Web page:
Railroads & Locomotives Hot Spots Five tips for railfanning with kids

Five tips for railfanning with kids

By Steve Sweeney | February 28, 2024

Children love trains, but remember to cater to their needs

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Railfanning with kids can be the most rewarding and/or the most frustrating experience. Regardless of a child’s interests or capabilities, the amount of enjoyment adults and children get out of watching trains together depends primarily on the adults in charge.

If you don’t already have your own style and methods for taking kids to watch trains, here are five tips to make the most of an outing with children ages 2 to 12.


Black steam locomotive inching forward among railroad photographers.
Cass Scenic Railroad Shay No. 11 moves into position for photographers at the railroad’s annual railfan weekend in 2014. My son and I stayed on the train, mostly, because it was cold on top of the mountains in West Virginia in May, and he was overwhelmed with too many trains. Steve Sweeney

No. 1: Be flexible when you are watching trains with children

The big day is here. It’s time to go watch, chase, or look at trains. You’ve done everything you can to pump up yourself and the little people in your life. Then something goes wrong. Maybe the trains aren’t running like you thought or the weather is bad. You can drive 90 minutes to the next nearest busy diamond where the skies are clear, or you can play with wooden trains on the floor at home.

The same is true if you are already on the chase and watching trains. You might have had a full day planned of hitting your favorite hot spots or meeting up with your buddies and their kids on the road. You’ve got all the snacks you and the children might want, extra clothes, blankets, scanner — you know the drill.

But it happens: Only 2 hours into chasing trains in a car your child gets tired, doesn’t feel like it, throws a tantrum, and you are no longer chasing trains. You might stop at a restaurant to re-charge, but you will probably end the day of train watching. And that’s OK.

Be aware of multiple ways to keep trains part of your day, even if things don’t go as planned.

No. 2: Anytime is train watching time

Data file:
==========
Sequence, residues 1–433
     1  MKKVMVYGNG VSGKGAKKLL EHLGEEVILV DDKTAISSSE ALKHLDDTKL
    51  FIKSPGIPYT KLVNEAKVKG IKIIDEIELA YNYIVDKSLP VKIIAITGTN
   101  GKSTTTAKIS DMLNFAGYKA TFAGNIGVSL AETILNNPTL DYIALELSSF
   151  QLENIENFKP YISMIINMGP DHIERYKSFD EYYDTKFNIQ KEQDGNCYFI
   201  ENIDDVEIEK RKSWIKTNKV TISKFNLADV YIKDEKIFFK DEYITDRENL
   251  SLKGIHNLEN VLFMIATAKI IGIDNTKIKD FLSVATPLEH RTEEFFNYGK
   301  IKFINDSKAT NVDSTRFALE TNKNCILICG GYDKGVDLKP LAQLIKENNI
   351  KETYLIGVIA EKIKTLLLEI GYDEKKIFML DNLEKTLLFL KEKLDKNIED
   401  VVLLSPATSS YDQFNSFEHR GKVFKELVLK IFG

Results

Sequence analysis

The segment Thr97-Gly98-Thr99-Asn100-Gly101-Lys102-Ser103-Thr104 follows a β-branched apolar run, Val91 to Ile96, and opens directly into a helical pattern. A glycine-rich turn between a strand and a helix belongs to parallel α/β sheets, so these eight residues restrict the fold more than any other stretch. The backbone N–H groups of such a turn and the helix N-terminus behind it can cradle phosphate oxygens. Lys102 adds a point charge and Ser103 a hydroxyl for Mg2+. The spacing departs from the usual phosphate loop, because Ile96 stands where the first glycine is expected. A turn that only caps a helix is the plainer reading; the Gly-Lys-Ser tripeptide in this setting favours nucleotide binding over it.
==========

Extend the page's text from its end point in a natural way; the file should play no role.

My 4-year-old son has reminded me of this. We typically drive over one railroad crossing when running errands. I tell him to look for headlights in one direction, while I look in the other. The couple of times we’ve spotted a train, we cross the tracks and look for a nearby road or side street to pull over to wait and watch. By the time we see the end of the train it’s been no more than 15 minutes.

My little boy is happy, and I am too.

No. 3: Know your child’s limits

In 2014, I had the trip of a lifetime given to me by the late-Editor Jim Wrinn: Go to Cass Scenic Railroad.

No specific assignment, no vacation time spent, just to have fun. My one son was 8-years-old then and had shown interest in watching trains. So, with Jim’s blessing, I made the arrangements and packed us off, father-and-son, to go to West Virginia for a long weekend during the annual railfan event. I loved it. He didn’t.

Despite getting a cab ride in a Shay, going to the top of Bald Knob, seeing the locomotive “race,” getting up early, spending all day on a train … it was too much for him. And that helped quash any interest he may have had in trains. A better idea would have been to do more frequent, short-duration outings with him closer to home.

Note: ALWAYS know where the nearest restroom is and when it is available — and plan accordingly. Children need to go when they need to go — and it doesn’t adhere to any schedule.

No. 4: Watch trains in creative ways

Or, be flexible, times 10. A former co-worker suggested a nearby rail yard that regularly kicked cars would be a great place to watch trains. Why? Because it had a pizza place next to it.

So, on a warm summer evening, I drove my daughter to the pizza place, and swung around into the back parking lot that faced the yard. And for 2 hours or so, we ate pizza and watched switch crews kicking cars with a… wait for it… BOOOoooom!

My daughter is not a railfan and we haven’t watched trains at that location together since, but it is still a good memory.

No. 5: Don’t be pushy

I admit, this can be a hard one to follow. In between work, work around the house, commitments with your child’s school, and family expectations, there can be precious little time to enjoy going out and watching trains. If you don’t take your children with you, you might spend even less quality time with them.

But if you’ve been trackside or visited a large toy train display — and they’re not into it — no amount of cajoling or enthusiasm on your part will change their interest level.

Or, maybe your child is content watching trains for a half hour and going out for lunch — and that’s it. That’s more than enough to build good memories of the both of you and trains!

A long green passenger train stopped to let railroad photographers on board.
Railfanning with kids: The crowd of railfans re-assemble on the train at Cass Scenic Railroad in 2014. My son and I mostly stayed with the train during the all-day adventure. It was exciting, but too much for my 8-year-old at that time. Steve Sweeney

Originally published May 13, 2022.

One thought on “Five tips for railfanning with kids

  1. My daughter came with me when I volunteered on the train. Just riding became boring, so she asked to work with me. She was 11. By the time she was 18 she was a rules qualified Trainman and doing run-arounds on her own. She’s no longer into trains, but I love the memories of us doing that together.

    On a “train trip” we rode the Western Maryland Scenic, and she wore her railroad hat. I told the conductor to put her to work: he had her turn the locomotive on the table at Frostburg. A great thrill for her, and a vicarious one for me.

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